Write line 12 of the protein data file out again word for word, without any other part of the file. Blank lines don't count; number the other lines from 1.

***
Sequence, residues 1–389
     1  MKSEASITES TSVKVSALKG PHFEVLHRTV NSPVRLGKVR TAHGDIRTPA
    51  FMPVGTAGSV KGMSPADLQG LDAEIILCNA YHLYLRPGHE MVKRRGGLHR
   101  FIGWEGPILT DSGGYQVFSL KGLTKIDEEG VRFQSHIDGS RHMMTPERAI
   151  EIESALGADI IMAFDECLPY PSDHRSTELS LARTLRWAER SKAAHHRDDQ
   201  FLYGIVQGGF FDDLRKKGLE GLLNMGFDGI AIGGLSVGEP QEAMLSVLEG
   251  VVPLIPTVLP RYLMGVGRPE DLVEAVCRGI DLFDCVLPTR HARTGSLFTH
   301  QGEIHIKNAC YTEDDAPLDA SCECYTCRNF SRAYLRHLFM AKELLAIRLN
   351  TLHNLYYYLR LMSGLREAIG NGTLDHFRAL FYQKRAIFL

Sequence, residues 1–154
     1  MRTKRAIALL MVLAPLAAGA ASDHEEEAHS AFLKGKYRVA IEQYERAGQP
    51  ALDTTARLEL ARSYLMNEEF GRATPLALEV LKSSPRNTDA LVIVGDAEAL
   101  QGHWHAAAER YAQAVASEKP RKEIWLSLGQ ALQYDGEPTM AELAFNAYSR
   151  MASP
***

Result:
    51  ALDTTARLEL ARSYLMNEEF GRATPLALEV LKSSPRNTDA LVIVGDAEAL